Vacant Properties Trend Downward While Foreclosure Starts Surge Sevenfold
Vacant properties are inching downward in the first quarter of 2022, while foreclosure starts have surged sevenfold in January.
- 229,864 residential properties in the U.S. are in the process of foreclosure in the first quarter this year, up 3% from the previous quarter and up 31% from the first quarter last year.
- Among those foreclosed properties, 7,363 sit vacant in the first quarter of 2022, down quarterly by 0.9% but up annually by 10.3%.
- The portion of pre-foreclosed properties that have been abandoned into zombie status dropped slightly from 3.3% in the fourth quarter of 2021 to 3.2% in the first quarter of this year.
- Despite the significant increase over last year, zombie foreclosures continue to represent only a miniscule portion of the nation’s total stock of 98.8 million residential properties.
Vacant properties are inching downward in the first quarter of 2022, while foreclosure starts surged sevenfold in January.
Today, ATTOM released its first-quarter 2022 Vacant Property and Zombie Foreclosure Report showing that 1.4 million (1,354,579) residential properties in the United States sit vacant. That represents 1.4% or one in 73 homes across the nation.
The report states that 229,864 residential properties in the U.S. are in the process of foreclosure in the first quarter this year, up 3% from the previous quarter and up 31% from the first quarter last year. This increase marks the second consecutive quarter that pre-foreclosure properties have gone up since the nationwide moratorium, which prevented most lenders from taking over delinquent mortgages, was lifted at the end of July.
Among those foreclosed properties, 7,363 sit vacant in the first quarter of 2022, down quarterly by 0.9% but up annually by 10.3%. The portion of pre-foreclosed properties that have been abandoned into zombie status dropped slightly from 3.3% in the fourth quarter of 2021 to 3.2% in the first quarter of this year.
Despite the significant increase over last year, zombie foreclosures continue to represent only a miniscule portion of the nation’s total stock of 98.8 million residential properties. One out of every 13,424 homes in the first quarter of 2022 are vacant and in foreclosure — slightly better than the ratio of one in 13,292 during the previous quarter, but worse than the one-in-14,825 level during the time last year.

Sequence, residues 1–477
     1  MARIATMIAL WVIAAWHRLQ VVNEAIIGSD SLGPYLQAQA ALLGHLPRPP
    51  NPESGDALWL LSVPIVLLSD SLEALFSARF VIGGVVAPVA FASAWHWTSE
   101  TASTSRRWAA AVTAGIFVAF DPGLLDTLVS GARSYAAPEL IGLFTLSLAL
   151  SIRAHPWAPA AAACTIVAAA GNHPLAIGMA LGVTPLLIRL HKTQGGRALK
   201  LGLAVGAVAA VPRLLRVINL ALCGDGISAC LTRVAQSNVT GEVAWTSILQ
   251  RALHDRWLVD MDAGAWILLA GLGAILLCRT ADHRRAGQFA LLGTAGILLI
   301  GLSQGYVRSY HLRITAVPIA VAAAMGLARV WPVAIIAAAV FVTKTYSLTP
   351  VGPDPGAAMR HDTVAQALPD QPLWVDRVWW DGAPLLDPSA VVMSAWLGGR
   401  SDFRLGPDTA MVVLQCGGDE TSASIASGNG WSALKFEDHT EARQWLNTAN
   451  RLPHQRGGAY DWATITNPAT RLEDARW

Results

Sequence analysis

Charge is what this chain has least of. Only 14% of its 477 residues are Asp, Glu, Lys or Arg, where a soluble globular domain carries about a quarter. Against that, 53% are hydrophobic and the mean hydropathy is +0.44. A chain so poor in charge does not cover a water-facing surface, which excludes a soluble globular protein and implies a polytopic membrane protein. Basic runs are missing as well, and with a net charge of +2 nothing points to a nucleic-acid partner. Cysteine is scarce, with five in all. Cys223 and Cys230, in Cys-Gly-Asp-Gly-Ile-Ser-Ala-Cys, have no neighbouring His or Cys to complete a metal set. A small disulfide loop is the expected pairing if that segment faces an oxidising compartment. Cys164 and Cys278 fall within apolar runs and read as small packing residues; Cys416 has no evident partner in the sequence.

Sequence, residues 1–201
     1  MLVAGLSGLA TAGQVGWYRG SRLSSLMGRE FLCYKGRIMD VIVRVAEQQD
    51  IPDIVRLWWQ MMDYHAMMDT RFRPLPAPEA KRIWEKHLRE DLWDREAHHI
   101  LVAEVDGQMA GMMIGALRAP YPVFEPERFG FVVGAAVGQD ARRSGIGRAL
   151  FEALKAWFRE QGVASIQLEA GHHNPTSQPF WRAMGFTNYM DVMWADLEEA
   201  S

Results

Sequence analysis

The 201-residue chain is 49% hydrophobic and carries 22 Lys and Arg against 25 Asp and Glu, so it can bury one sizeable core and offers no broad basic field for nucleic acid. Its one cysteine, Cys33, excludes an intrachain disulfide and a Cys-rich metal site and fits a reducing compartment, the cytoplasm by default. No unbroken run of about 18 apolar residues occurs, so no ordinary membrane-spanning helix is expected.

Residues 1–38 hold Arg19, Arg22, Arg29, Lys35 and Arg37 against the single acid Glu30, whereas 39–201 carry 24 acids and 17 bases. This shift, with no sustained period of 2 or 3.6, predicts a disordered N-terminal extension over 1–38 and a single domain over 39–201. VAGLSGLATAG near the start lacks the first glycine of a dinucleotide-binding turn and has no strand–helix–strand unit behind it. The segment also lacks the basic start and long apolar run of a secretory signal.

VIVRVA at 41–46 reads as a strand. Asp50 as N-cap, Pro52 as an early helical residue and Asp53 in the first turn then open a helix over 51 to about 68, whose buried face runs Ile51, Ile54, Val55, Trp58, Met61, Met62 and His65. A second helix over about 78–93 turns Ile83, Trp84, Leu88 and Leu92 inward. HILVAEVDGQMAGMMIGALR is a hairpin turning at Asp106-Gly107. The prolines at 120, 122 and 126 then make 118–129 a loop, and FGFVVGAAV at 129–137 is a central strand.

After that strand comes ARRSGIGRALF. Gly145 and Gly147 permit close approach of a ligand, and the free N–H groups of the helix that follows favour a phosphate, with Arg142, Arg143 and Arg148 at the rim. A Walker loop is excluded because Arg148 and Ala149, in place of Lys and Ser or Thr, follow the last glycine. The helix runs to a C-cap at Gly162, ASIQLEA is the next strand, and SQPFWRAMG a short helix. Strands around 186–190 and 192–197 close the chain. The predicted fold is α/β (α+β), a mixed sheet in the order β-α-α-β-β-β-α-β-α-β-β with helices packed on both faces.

You may have heard of zombie apocalypse, but what is a zombie foreclosure? A zombie foreclosure refers to a situation where a homeowner vacates their property after receiving a notice of default, expecting they will lose the home in the pending foreclosure. The foreclosure may get canceled for any number of reasons, which means the house title will remain with the homeowner, who may not know they still own the home or are financially responsible for it.
So, the house is essentially dead; it decays and grows more decrepit over time, becoming a major eyesore for neighbors and those who would have wanted to move into the area. Too many of these zombie homes could financially ruin a community.
"Even with foreclosure activity rising, it doesn't seem likely that we'll see a significant increase in the number of zombie properties," said Rick Sharga, executive vice president of RealtyTrac, an ATTOM company. "Zombie status is most likely during a long, protracted foreclosure process, but with $23 trillion in homeowner equity, and demand outstripping supply, most distressed borrowers should be able to sell their home at a profit before the process drags on."